# Chapter 3: The Church-Turing Thesis

## For Your Enjoyment

• An Alan Turing Wikipedia article.

## Chapter 3.1, Turing Machines

### High Level Overview

• Proposed by Alan Turing in 1936.
• Like a finite automaton, but has unlimited and unrestricted memory.
• Can solve any problem that is computable.

### Turing Machine Features

• An infinite tape
• A read/write head that can read symbols from the tape and write symbols to the tape.
• A read/write head that has the ability to move one square either left or right on the tape.
• Accept and Reject states that take effect immediately.

### High Level Example

Look at Figure 3.2 on page 167. The idea is to recognize the language B = {w#w | w ∈ {0, 1}*}.

### Turing Machine Definition

A Turing machine is a 7-tuple (Q, Σ, Γ, δ, q0, qaccept, qreject) where Q, Σ, Γ are finite sets and

• Q is the set of states,
• Σ is the input alphabet not containing the blank symbol,
• Γ is the tape alphabet, where the blank symbol ∈ Γ and Σ ⊆ Γ,
• δ: Q × Γ → Q × Γ × {L, R} is the transition function,
• q0 ∈ Q is the start state,
• qaccept ∈ Q is the accept state, and
• qreject ∈ Q is the reject state, where qreject ≠ qaccept.

### Active Learning Problems

• What is Σ in Figure 3.2?
• What is Γ in Figure 3.2?
• Assume that at the start of a computation, the input tape contains 0100#0100 (followed by an infinite number of blank symbols). What transitions are needed for the tape to contain x100#x100 and for the read/write head to be positioned on the #?
• A configuration of a Turing machine is u q v where q is the current state of the machine and u v are the contents of Γ. The first symbol of v is the location of the read/write head. What is the starting configuration in the bullet above?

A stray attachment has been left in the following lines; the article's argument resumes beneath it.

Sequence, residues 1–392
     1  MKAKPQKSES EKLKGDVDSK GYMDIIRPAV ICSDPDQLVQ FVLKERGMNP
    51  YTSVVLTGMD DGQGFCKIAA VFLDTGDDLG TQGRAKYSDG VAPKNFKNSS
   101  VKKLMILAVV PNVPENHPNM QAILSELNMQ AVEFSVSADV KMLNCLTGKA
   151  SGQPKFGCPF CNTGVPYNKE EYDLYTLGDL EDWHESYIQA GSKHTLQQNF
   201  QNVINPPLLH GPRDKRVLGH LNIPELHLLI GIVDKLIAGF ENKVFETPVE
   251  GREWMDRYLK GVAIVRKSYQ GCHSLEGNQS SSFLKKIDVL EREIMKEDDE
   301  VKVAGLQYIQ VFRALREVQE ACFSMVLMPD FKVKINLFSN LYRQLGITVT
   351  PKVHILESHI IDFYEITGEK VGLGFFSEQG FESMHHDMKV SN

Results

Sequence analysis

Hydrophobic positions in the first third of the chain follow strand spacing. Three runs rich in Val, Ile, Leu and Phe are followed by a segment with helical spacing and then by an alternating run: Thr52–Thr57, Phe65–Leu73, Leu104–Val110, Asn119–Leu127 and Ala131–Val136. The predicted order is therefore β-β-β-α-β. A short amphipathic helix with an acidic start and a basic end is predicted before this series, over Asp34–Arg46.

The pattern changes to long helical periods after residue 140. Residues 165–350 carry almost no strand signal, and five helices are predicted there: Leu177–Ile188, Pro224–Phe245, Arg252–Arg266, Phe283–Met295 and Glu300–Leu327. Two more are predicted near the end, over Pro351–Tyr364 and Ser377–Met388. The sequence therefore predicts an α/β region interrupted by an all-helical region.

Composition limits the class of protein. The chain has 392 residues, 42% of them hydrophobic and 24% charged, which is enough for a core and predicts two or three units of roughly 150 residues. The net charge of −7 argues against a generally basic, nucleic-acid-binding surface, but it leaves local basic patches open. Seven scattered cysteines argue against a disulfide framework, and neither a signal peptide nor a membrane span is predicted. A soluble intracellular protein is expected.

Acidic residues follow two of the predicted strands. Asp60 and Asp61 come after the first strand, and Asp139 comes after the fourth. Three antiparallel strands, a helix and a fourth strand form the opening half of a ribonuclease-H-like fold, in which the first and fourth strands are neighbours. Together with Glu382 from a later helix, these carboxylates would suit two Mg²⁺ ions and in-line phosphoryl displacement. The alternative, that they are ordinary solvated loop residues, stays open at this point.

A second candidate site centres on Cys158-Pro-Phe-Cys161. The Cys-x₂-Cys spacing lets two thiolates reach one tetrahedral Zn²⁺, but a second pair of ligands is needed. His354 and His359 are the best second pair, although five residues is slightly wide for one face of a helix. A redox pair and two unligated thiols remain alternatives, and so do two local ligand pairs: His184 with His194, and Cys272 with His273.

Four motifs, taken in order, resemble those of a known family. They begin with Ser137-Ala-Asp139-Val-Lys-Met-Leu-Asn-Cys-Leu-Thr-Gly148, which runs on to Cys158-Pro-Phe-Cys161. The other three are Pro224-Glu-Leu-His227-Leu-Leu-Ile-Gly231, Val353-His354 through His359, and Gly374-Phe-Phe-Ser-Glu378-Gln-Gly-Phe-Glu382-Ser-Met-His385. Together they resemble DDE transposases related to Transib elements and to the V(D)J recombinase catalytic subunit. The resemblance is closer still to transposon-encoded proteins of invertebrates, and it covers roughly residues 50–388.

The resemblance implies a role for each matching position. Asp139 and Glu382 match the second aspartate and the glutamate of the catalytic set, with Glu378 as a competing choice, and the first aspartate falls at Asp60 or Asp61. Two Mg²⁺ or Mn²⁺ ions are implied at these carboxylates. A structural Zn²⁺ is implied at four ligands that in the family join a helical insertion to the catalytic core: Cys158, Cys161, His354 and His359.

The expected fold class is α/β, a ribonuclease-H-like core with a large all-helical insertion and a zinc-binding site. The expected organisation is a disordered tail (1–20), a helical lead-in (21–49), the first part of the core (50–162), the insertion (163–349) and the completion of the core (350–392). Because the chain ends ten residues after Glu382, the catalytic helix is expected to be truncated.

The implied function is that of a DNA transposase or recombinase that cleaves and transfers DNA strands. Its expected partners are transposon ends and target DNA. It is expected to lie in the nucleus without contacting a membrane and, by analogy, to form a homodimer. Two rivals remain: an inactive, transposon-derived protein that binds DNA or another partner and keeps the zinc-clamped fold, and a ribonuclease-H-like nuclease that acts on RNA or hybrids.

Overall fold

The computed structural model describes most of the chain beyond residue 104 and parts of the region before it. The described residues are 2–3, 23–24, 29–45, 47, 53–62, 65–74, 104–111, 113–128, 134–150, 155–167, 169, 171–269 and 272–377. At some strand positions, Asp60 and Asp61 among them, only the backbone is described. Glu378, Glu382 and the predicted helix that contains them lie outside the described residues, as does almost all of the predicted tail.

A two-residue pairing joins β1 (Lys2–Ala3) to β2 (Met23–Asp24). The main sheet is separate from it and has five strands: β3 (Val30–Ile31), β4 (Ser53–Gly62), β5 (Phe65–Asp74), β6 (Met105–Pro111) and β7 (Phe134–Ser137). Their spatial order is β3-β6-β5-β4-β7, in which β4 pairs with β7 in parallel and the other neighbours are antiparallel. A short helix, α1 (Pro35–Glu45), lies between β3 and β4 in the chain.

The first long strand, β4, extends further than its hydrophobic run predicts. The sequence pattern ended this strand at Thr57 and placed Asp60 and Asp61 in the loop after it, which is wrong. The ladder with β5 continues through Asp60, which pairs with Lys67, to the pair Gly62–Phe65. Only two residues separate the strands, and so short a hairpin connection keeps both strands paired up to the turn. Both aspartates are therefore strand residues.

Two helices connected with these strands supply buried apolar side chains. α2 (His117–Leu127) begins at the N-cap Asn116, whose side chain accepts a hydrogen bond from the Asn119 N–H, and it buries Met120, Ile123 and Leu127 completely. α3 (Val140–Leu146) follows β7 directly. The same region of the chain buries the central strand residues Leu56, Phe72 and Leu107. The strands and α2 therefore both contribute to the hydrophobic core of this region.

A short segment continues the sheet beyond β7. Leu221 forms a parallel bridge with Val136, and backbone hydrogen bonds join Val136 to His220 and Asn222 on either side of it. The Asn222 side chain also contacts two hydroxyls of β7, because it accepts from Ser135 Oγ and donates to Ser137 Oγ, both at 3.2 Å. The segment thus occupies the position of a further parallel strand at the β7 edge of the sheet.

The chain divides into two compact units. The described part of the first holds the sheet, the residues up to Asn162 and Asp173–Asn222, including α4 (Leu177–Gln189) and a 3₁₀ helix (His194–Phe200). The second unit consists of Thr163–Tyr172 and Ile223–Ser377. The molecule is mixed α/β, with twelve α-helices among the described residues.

### Terminology

• ua qi bv yields u qj acv if δ(qi, b) = (qj, c, L). Note: u, v ∈ Γ* and a, b, c ∈ Γ
• ua qi bv yields uac qj v if δ(qi, b) = (qj, c, R).

### Active Learning Problems

• Write the special cases for yields if the configuration is qi bv.
• Explain why special cases are not needed for configuration ua qi.

### Terminology and Notation

• Special configurations include the start configuration, accepting configuration, rejecting configuration and halting configuration.
• A Turing Machine M accepts input w if a sequence of configurations C1, ... Ck exist such that C1 is the start configuration, each Ci yields Ci+1 and Ck is an accepting configuration.
• The collection of strings that Turing Machine M accepts is the language of M or the language recognized by M and is denoted L(M).
• A language is Turing-recognizable if some Turing Machine recognizes it.
• A language is Turing-decidable (or decidable) if some Turing Machine decides it. To decide a language, the Turing Machine must halt on all inputs. In other words, no infinite looping is allowed. Every decidable language is Turing-recognizable, but not vice-versa - stay tuned!